Jutting out into Oslo Fjord, the Bygdøy Peninsula is a one-stop leisure destination just west side of the city center. It is Oslo’s ‘Museum Island’ and hosts several maritime museums as well as the open-air Norwegian Museum of Cultural History (Norsk Folkemuseum). Highlighting Norway’s colorful cultural history from 1500 to present day, this wonderfully family-friendly museum presents an array of more than 150 buildings brought together from all over the country, each representing different regions and eras and including a reconstructed traditional Sami goahti (tent) and the exquisite, 13th-century wooden stave church from Gol, north of Oslo. There are several streets of wooden houses from Oslo and its suburbs, as well as a three-story, 19th-century apartment block, rebuilt here to showcase life in the Norway of the last two centuries, from an elegant Art Nouveau interior to a suitably scruffy 1980s student bedsit.
Run under the management of the Norwegian Folk Museum (Norsk Folkemuseum), Oslo’s homage to the life of Norway’s most famous dramatist is located in the house that was occupied by Hendrik Ibsen (1828–1906) and his wife Suzanne for the last 11 years of his life. Found in a luxurious apartment block in the middle of the city, the story of Ibsen’s life is told in two major exhibitions. As the most renowned playwright in the world after Shakespeare, there’s a comprehensive exhibition focusing on his personal life, featuring his clothes, writing implements and family photographs in the neighboring apartment.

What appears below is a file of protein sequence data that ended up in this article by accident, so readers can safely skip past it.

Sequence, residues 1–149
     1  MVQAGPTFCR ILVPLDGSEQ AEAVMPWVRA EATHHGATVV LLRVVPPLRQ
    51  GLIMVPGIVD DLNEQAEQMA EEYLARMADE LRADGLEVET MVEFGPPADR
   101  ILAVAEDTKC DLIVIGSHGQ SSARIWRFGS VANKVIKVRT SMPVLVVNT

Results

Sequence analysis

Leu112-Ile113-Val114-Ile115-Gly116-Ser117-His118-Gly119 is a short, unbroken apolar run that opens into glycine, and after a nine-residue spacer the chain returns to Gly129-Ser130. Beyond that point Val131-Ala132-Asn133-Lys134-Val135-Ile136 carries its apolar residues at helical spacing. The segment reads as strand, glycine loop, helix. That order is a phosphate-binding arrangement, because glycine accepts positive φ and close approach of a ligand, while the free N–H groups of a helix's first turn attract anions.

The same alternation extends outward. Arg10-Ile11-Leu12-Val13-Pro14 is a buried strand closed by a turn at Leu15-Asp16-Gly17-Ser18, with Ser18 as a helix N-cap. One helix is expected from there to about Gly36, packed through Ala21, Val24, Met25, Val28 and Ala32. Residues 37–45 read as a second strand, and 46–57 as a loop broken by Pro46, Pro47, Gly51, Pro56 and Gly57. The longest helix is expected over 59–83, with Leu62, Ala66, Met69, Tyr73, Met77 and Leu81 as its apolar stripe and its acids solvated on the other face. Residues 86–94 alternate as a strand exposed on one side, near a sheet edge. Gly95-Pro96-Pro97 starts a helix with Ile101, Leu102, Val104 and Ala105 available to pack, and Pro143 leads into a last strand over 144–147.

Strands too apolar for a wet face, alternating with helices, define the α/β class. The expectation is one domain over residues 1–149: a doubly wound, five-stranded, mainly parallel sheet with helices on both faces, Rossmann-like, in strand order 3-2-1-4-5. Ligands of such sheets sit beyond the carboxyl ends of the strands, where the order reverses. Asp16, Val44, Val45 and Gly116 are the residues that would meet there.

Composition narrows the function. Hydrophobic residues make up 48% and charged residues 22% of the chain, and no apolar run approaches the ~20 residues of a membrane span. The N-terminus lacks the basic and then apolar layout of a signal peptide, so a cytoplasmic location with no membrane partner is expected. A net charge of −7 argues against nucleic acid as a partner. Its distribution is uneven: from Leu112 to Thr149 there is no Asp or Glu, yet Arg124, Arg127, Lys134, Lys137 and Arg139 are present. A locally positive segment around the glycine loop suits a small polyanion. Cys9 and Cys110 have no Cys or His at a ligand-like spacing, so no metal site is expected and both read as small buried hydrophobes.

Perhaps more impressive is Ibsen’s own apartment, which was lovingly restored with period furniture and many family possessions before being reopened in 2006 to mark the centenary of his death. Once scattered across Norway, his belongings and furniture have been carefully returned to the library, parlors and study where he wrote his last two plays.